'Now, from our meetings over the past few months, we can draw up a more comprehensive plan and have a better idea about which schemes should go ahead.'

When deputy pr ime m inister John Prescott originally launched his 10-year plan under the Transport 2010 initiative he spoke of congestion-free roads with spending, both local and national, totalling over £59 billion. He also spoke of widening 360 miles of motorway on national strategic routes.

The DfT is simply mak ing prom ises it can't keep.

Improvements to ease congested roads are still in their infancy, the road building industry seems to have slowed down, and the latest announcement by the Highways Agency to use the hard shoulder of a motorway has simply angered contractors already annoyed by the culling of major road schemes that are getting filtered through the regional transport plans.

The DfT declined to comment on what will happen to particular road schemes, but released a statement following the regional transport programme announcements in July.

Transport minister Gillian Merron said: 'The Government is investing record amounts in transport, putting right decades of underinvestment.

'By giving regions a long-term funding guideline and involving them in the decision-making process, we have for the first time given them a bigger say in which transport schemes are delivered locally. Having considered their advice, I'm pleased we have been able to broadly accept it.'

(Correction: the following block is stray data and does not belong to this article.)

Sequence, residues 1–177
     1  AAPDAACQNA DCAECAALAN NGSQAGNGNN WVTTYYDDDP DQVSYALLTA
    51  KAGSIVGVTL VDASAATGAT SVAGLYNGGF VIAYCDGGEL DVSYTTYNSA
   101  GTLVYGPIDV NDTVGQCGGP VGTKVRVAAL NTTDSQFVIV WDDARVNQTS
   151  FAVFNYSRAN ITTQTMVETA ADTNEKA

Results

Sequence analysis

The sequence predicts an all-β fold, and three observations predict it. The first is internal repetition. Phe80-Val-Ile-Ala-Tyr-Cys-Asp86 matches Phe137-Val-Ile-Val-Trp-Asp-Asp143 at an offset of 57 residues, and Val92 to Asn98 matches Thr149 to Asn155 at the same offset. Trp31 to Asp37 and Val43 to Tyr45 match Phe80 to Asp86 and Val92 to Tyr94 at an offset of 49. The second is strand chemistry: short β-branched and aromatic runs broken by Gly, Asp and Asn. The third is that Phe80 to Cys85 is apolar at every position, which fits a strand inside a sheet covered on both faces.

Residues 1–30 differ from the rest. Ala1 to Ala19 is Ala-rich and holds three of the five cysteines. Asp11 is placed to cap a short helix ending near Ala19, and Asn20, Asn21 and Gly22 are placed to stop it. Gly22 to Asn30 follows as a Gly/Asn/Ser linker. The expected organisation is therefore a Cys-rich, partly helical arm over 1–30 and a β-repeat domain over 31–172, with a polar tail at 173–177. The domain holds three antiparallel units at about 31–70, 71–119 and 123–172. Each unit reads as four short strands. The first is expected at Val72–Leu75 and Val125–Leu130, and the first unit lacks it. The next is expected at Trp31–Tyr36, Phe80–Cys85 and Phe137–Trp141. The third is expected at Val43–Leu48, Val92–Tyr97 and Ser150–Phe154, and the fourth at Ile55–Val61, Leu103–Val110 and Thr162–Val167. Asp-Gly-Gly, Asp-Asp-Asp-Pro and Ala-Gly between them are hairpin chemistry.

The idea to devolve power to the regions on transport initiatives is relatively new and certainly the process has never been properly tested. The next 10-year plan is set to be issued in 2015 and it seems the industry will be waiting with bated breath until then.

SCHEMES THAT HAD THEIR FUNDING DROPPED Scheme: Wigan Inner Relief Road Funding: £12 ion Funded by: Wigan Council Region: North West Region Scheme: A483 -Llanymynech bypass Funding: £42 ion Funded by: Highways Agency Region: West and on Scheme: A30 Carland Cross Funding: £125 ion Funded by: Highways Agency Region: South West Region Scheme: A30 ple Higher improvement Funding: £41 lion Funded by: Highways Agency Region: South Region Scheme: A1 dualling at Morpeth to Felton Funding: £84 on Funded by: Highways Agency Region: North East Region Scheme: A1 dualling at Adderstone Funding: £14 on Funded by: Highways Agency Region: North n Scheme: A64 Rillington bypass Funding: £15 n Funded by: Highways Agency Region: Yorkshire Humberside